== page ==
ROCHESTER, Minn. -- A new study by Mayo Clinic researchers has identified that a chromosome instability gene, USP24, is frequently missing in pediatric patients with neuroblastoma, an aggressive form of childhood cancer. The finding provides important insight into the development of this disease. The study is published in Cancer Research, the journal of the American Association for Cancer Research.
"Neuroblastoma is a highly aggressive cancer that nearly exclusively affects young children," says Paul Galardy, M.D., a pediatric hematologist and oncologist at Mayo Clinic. Despite the use of multiple treatment approaches, Dr. Galardy says many children die of this disease every year.
To identify new therapeutic approaches, Dr. Galardy and his colleagues examined the role of a set of enzymes known as deubiquitinating enzymes (DUB) in this disease. They chose this family of enzymes because they could be targeted using drug therapy.
"Little is known about the role of DUBs in neuroblastoma," says Dr. Galardy. "We used a computational approach to determine the effect of too much or too little of a gene on the outcome of a variety of human cancers to identify DUBs that may play a role in treating neuroblastoma."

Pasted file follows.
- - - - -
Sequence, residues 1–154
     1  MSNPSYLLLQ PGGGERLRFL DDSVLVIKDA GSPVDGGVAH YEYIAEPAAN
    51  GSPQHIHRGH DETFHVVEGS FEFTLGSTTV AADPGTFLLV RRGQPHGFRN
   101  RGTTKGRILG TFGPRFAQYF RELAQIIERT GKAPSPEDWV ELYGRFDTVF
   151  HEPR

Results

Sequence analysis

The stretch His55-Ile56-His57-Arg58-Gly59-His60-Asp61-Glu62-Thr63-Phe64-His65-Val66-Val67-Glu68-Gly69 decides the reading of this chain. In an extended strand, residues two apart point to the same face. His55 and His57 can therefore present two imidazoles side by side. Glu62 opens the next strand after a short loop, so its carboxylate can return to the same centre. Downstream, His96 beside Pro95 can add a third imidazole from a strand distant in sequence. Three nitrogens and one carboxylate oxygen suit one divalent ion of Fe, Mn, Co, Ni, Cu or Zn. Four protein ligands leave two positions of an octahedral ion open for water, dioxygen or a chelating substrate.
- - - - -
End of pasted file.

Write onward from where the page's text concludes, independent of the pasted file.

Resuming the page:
Dr. Galardy and his team used this method to identify two genes ? USP24 and USP44 ? with the biggest potential to affect the outcomes of young patients with neuroblastoma. "These genes were the ones most closely implicated as being important for accurate cell division," he says.
Dr. Galardy says that his team found that USP44 plays an important role in cell division and was associated with poor outcomes in lung cancer. Therefore, the team shifted its attention to USP24 to understand how it might contribute to neuroblastoma.
"Little is known about how USP24 functions," says Dr. Galardy. "We observed low levels of USP24 in children with neuroblastoma whose tumors were highly aggressive, leading to early progression or recurrence of the disease." He says low levels of USP24 occur commonly with other markers of aggressive disease, including amplification of the MYCN cancer gene and a loss of a large segment of chromosome 1.
The team also found that USP24 is not simply a marker for aggressive disease. Using genetically engineered mice that lack the USP24 gene, they found that USP24 plays an important role in protecting cells against errors in chromosome distribution that take place during cell division.
"When we compared cells with normal or deleted USP24, and examined the levels of proteins in dividing cells, we found that mice lacking even one of the two copies of USP24 were more prone to developing tumors," says Dr. Galardy. "This helped lead us to our conclusion that USP24 may play a role in ensuring accurate cell division, and that a loss of USP24 in mice leads to tumor formation and may also contribute to the development of aggressive neuroblastoma tumors in children."
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